Author(s): Schulz RM, Bader A
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Abstract Damage to and degeneration of articular cartilage is a major health issue in industrialized nations. Articular cartilage has a particularly limited capacity for auto regeneration. At present, there is no established therapy for a sufficiently reliable and durable replacement of damaged articular cartilage. In this, as well as in other areas of regenerative medicine, tissue engineering methods are considered to be a promising therapeutic component. Nevertheless, there remain obstacles to the establishment of tissue-engineered cartilage as a part of the routine therapy for cartilage defects. One necessary aspect of potential tissue engineering-based therapies for cartilage damage that requires both elucidation and progress toward practical solutions is the reliable, cost effective cultivation of suitable tissue. Bioreactors and associated methods and equipment are the tools with which it is hoped that such a supply of tissue-engineered cartilage can be provided. The fact that in vivo adaptive physical stimulation influences chondrocyte function by affecting mechanotransduction leads to the development of specifically designed bioreactor devices that transmit forces like shear, hydrostatic pressure, compression, and combinations thereof to articular and artificial cartilage in vitro. This review summarizes the basic knowledge of chondrocyte biology and cartilage dynamics together with the exploration of the various biophysical principles of cause and effect that have been integrated into bioreactor systems for the cultivation and stimulation of chondrocytes.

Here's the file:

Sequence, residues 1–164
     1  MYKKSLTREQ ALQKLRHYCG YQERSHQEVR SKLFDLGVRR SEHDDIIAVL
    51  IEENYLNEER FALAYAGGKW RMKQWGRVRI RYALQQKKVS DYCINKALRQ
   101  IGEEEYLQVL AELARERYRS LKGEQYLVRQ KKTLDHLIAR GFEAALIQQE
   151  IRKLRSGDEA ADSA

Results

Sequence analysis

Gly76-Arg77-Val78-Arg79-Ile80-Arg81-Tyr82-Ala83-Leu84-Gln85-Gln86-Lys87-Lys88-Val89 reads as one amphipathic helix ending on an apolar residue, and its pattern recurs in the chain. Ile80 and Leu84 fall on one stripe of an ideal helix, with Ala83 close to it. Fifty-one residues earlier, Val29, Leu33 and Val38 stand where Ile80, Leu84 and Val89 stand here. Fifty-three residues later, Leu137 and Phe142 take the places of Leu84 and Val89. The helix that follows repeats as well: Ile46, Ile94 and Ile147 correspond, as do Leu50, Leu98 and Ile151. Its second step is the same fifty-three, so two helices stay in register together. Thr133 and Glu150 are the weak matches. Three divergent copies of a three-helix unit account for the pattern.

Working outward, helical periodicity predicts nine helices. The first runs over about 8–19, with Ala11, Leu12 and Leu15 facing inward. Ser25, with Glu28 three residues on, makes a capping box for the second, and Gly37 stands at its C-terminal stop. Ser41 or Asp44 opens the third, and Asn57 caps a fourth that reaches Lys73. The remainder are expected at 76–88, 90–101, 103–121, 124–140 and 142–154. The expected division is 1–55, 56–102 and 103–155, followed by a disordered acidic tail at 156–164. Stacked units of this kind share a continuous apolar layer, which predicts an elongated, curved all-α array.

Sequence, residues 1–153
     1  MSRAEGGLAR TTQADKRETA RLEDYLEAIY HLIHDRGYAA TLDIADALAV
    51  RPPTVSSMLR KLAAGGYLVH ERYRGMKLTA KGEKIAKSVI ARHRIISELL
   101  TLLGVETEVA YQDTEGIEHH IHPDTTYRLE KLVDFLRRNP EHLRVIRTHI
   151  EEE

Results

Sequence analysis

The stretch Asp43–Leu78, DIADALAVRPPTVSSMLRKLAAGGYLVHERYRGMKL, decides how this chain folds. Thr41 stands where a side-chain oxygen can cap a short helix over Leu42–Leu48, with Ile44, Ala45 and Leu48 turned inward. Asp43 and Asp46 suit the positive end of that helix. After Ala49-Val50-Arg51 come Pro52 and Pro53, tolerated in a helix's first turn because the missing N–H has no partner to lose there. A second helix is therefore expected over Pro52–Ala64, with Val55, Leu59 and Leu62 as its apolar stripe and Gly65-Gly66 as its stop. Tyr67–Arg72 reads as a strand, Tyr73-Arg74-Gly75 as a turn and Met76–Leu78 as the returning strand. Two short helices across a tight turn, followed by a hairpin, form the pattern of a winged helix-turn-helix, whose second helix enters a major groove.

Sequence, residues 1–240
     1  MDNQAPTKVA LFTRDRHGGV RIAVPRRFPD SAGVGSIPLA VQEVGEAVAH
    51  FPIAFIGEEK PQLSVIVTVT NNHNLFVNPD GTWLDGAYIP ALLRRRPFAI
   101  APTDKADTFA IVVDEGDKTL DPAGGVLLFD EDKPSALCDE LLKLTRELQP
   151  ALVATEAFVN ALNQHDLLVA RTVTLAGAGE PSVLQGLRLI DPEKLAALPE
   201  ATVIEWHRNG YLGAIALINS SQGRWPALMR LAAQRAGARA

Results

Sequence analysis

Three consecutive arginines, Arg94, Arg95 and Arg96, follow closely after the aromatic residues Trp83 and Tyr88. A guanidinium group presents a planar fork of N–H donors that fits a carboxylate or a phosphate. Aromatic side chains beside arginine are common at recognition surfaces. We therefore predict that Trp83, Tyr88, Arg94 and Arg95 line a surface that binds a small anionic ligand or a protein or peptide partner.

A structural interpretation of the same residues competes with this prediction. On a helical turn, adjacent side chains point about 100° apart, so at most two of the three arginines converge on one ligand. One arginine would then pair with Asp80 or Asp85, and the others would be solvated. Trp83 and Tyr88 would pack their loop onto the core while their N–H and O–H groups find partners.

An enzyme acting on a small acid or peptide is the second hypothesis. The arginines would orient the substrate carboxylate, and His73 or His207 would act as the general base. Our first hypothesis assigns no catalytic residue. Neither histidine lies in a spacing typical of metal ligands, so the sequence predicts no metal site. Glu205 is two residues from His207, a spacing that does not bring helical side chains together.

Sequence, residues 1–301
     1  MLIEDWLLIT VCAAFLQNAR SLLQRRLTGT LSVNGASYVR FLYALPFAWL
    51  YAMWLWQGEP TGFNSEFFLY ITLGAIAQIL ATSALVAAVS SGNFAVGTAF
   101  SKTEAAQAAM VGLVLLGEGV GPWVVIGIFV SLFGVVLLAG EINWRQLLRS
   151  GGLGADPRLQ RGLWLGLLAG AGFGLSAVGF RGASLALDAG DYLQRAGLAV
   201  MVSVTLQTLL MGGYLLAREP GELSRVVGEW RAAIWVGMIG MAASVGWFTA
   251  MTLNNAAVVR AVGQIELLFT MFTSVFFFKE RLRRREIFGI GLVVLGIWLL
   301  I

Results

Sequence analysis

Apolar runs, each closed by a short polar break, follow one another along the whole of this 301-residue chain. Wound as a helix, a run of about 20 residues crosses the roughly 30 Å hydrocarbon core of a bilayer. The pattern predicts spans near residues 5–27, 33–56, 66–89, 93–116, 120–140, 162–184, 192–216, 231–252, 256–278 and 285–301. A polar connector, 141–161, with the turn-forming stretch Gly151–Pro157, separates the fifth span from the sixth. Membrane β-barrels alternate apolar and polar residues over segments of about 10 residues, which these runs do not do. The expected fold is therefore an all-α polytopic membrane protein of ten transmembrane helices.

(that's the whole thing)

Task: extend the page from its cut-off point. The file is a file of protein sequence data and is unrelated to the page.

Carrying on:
This article was published in Eur Biophys J
and referenced in Journal of Bioengineering and Bioelectronics